Living Longer, and Prospering

Reading Time: 4 minutes

Human longevity is always somewhat of a double-edged sword for those tasked with paying a defined benefit pension: increases in healthy lifespan are of course welcome from a human perspective, but make the job of providing a pension for life that much harder.

Source: AON

And longevity has been very hard to forecast with any accuracy: from the late 1990’s through to 2010 human longevity consistently ran ahead of actuarial predictions (see right), which was one cause of the funding pressure that mounted on UK DB pension funds over the last decade or so.

Since 2011 however a funny thing has happened: the improvements in longevity seen between 2000-2010 have slowed. What this means is that tomorrow’s generation (or in actuarial parlance “cohort”) is still expected today to live longer than today’s did, BUT, the fall in these improvements means that today’s 65 year old’s are expected to live less-long than 65 year old’s were expected to in say, 2010.

Now for many actuaries the annual release of the latest CMI model parameters is second only to Christmas in terms of interest & excitement đŸ˜‚ This year’s is definitely important news for DB schemes. The latest data seems to confirm that the levelling off in improvements since 2011 is not a blip, and there is a growing industry consensus now that future improvements will be lower than they were from 2000-2011.

Source: IFoA CMI

The result being that cohort life expectancies from this model are lower than all previous versions: a 65 year old today is expected to live just short of 22 more years today, compared to a little over 23 years in 2009.

The implications of this for individual schemes get quite nuanced,  depending on how & when this gets incorporated into assumptions could bring schemes closer to funding than expected, and should have implications for the investment. Liabilities could be 2.5% lower (vs last year’s assumptions, more if latest update was longer ago) which could be equivalent to a couple of year’s expected funding gains in one go. The change in returns needed from the investment portfolio might fall by the order of 0.25% or 0.5% p.a., which is a significant move for many schemes who are not aiming for high-growth returns in the first place. An important caveat: the CMI model is based on England & Wales population data, there is debate as to how this applies to the more narrow demographic segments represented in any one pension scheme.

There are two deeper points brought out by this development:

  1. Don’t fall in love with the cashflows. As actuaries and investment consultants we can tend to get awfully attached to a scheme’s projected cashflows, they seem so clean and precise and look so nice in a chart! And it would make life so much easier if they were set in stone. It’s easy to forget that this is the amalgamation of the longevity of thousands of different individuals and there is quite some uncertainty around it. In particular one should exercise caution around cashflow-driven investing solutions, which try and match precisely the cashflows. While they can be a good tool for schemes in many cases and a sensible way to invest, it is always important to bear in mind that unless longevity has been hedged, the cashflows are not as fixed as we would like.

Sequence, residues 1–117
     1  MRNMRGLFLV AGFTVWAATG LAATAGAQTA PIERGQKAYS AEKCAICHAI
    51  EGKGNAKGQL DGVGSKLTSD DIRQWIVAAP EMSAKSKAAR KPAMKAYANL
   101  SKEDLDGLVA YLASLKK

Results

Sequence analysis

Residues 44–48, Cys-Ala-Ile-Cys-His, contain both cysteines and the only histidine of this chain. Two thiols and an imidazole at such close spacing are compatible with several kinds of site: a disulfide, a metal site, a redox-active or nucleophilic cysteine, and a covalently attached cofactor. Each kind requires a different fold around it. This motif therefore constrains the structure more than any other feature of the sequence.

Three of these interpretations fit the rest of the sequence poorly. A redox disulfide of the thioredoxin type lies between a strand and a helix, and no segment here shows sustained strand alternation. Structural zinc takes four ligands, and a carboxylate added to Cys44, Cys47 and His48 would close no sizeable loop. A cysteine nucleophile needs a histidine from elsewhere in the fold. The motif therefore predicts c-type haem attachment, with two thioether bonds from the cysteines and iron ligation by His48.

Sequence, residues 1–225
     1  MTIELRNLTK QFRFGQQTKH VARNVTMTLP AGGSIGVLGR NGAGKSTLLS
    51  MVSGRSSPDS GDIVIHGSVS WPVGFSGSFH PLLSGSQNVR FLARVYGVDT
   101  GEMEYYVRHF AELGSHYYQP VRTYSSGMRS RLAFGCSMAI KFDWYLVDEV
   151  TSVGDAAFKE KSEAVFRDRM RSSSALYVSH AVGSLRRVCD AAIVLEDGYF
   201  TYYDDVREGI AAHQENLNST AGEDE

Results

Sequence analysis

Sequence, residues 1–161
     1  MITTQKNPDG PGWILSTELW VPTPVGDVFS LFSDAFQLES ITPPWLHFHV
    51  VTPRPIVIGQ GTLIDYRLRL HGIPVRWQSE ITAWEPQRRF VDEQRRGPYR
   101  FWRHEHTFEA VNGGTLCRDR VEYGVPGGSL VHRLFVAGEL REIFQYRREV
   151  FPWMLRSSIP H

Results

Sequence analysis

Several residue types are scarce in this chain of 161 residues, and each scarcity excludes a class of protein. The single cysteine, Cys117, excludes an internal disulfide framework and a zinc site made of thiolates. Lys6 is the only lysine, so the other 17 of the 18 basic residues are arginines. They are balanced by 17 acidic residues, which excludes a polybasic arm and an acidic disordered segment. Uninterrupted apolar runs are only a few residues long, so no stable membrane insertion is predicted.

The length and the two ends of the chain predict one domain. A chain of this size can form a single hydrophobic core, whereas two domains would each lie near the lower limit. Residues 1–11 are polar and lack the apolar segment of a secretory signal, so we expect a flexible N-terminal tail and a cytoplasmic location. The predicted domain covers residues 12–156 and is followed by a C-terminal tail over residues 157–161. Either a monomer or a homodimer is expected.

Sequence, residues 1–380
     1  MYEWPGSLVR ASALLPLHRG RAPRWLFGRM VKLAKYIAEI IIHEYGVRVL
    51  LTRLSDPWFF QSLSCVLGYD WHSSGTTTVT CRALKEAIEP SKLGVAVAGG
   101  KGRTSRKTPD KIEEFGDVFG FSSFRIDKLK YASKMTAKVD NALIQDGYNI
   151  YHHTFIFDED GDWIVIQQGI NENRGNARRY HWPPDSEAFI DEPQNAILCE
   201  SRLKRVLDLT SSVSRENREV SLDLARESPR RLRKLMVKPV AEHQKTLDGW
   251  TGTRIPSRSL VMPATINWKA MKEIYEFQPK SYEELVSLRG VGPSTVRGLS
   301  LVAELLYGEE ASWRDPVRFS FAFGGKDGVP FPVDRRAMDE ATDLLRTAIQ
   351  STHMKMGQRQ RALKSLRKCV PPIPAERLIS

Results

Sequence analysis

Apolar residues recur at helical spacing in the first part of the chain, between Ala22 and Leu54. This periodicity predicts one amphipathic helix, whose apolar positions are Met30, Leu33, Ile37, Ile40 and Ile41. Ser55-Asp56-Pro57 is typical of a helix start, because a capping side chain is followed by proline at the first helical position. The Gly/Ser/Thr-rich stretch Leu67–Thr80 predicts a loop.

2. Longevity risk could dominate as schemes become better funded and reduce risks in the investment portfolio, particularly for those schemes looking toward long-term run-off as opposed to buy-out. The sort of meaningful fluctuations we’ve seen in longevity projections over the last decade provide a decent guide for quite how much things could vary in the future – even in the absence of any game-changing medical advances which could really change things – and this risk could well end up being bigger than the moves in the investment portfolio. So it makes sense to start thinking hard about when to start using longevity hedging, before reducing investment risk past a certain point. This decision will tie back in to the scheme’s ultimate objective (particularly long-term run-off vs buy-out).

 

This is a great example of when trustees need their advisers: the scheme actuary & investment consultant working proactively together (particularly if approaching an actuarial valuation) – trustees should be expecting their actuary to be informing them of the timing and likely direction of the next longevity review, and expect their investment consultant to be coming simultaneously with a clearly thought-out recommendation for what this means on the investment side. This might boil down to a chance to move toward a more stable, lower-risk investment portfolio a bit earlier than planned as the scheme will no longer need the returns previously required, or even to begin the process of undertaking a buy-in or buy-out transaction which may now be affordable.

All of this is made so much easier if the scheme has a clear long-term funding and investment target in place (as suggested in the pension regulator’s latest annual funding statement). I might also say -although I would, wouldn’t I đŸ˜‰ – that this is a great case study of why having the same firm providing joined up investment and actuarial advice (with a finger always on the pulse of buy-out markets) can be a major value-add for a scheme.


Leave a Reply